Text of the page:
Wayne’s character considers killing her rather than allow her to live “corrupted.”

    He doesn’t consider killing her; he is determined to kill her, and is only prevented from doing so by his friend. By the next time they meet, he’s had a change of heart, which is never (IIRC) explained.

  3. brucegee1962 says

    Stedman seems even more problematic in terms of seeing slavery as a necessity, while Conrad makes no excuses for (at least the Belgian version of) Colonialism.

  4. Rob Grigjanis says

    I grew up on cowboy movies in which Native Americans defending themselves in their homelands were portrayed as invaders galloping into the frame of the camera.

    There were many films like that. But there were many which were more nuanced, including some considered classics. My own favourite Ford Western is Fort Apache. It’s made very clear who the “bad” guys are; the corrupt Indian agent, and the incompetent cavalry commander Lt Col Thursday (played by Henry Fonda*). Of course, it’s still a White Man story, with the Apaches (already having been confined to reservations) merely reacting (and doing so quite understandably). And the incompetence of the commander (killed in action) is covered up “for the good of the regiment”.

    If I were to guess at Ford’s overall view of indigenous people from his films, it would be one of patronizing sympathy; regret at the injustices done them, but for the greater good (for white folk, anyway) in the long run.

    *Who starred in many good Westerns, including The Ox-Bow Incident. A very different role.

  5. Jazzlet says

    Tabby Lavalamp, no argument from me.

    I read Heart of Darkness at some point in my teens on the reccomendation of one of my English teachers, if I remember correctly when I was starting to think about sexism and to a lesser extent racism, but going in with no preconception other than knowng that it was a ‘classic’ and even as a basically ignorant white girl found it excruciating. It was a signficant factor in my decision that I would do mostly sciences for A Levels. John Wayne provoked a similar reaction as I grew older.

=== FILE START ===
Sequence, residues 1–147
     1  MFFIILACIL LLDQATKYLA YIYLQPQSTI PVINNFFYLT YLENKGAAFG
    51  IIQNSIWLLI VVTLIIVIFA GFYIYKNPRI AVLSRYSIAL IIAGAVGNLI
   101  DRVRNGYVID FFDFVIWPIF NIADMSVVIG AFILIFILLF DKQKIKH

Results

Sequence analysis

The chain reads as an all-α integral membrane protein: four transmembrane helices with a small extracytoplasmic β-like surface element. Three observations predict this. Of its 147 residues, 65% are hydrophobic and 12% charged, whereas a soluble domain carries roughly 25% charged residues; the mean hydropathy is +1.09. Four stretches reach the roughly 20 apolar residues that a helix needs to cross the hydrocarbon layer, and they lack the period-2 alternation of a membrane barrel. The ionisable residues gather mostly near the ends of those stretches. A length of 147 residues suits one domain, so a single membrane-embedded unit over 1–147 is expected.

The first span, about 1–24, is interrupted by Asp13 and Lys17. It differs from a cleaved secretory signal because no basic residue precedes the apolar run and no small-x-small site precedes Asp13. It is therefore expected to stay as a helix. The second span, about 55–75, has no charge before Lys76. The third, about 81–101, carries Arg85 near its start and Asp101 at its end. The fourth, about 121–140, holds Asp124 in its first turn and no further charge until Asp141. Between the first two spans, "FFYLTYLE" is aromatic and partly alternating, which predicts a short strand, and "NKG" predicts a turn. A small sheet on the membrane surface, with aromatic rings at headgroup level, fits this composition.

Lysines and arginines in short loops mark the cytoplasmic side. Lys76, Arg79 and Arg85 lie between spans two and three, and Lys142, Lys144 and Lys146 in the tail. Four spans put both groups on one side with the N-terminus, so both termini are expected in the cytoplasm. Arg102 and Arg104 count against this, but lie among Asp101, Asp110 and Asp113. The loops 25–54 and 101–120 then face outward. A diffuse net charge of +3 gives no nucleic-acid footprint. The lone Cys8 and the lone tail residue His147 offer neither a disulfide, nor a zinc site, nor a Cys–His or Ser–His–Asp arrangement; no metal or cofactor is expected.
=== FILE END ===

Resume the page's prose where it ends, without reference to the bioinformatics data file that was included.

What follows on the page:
6. says

    Dealing with things like Heart of Darkness is really complicated, and made more complicated by the fact that we rarely fully know what we’re trying to do, and further by the fact that people tend to dive immediately in to their respective foxholes when topics like this arise.

    In order to understand how the story came to be, and why it is the way it is, we need to evaluate it in terms of its own time and culture. Yet, in order to understand how it works on us today, we need to evaluate it in terms of our time, our culture. These things are obvious when stated, of course, but all too often we find today’s culture applied to then.

    Understanding the origins of the story, its history, is quite a different thing from understanding how it fits in to our own cultural milieu. While the two are entangled, they are not the same thing. A serious, critical, evaluation of a book like that (or any of a 100 million other artifacts) has to take both into account, because they are entangled, but would do well to keep them separate.

    It is not apologizing for racism to evaluate Conrad’s books in the context of their time, but unless you are pretty careful, it can sure as hell look like you’re apologizing. On the flip side, it is not hanging Conrad with 2019 theory, well past the statute of limitations, to evaluate the book in the context of here and now — but it sure as hell can look like that’s what you’re doing.

    Heart of Darkness was not a comfortable book then, and it is not a comfortable book now. It is genuinely interesting to examine how the details have changed, but the overall effect is much the same.

    There does seem, to be honest, to be a little cottage industry in digging up artifacts from decades past, applying modern viewpoints, modern ideals, modern theory, and then indicting the original author on those grounds. It’s a quick way to raise a twitter mob to, um, do whatever it is that twitter mobs do.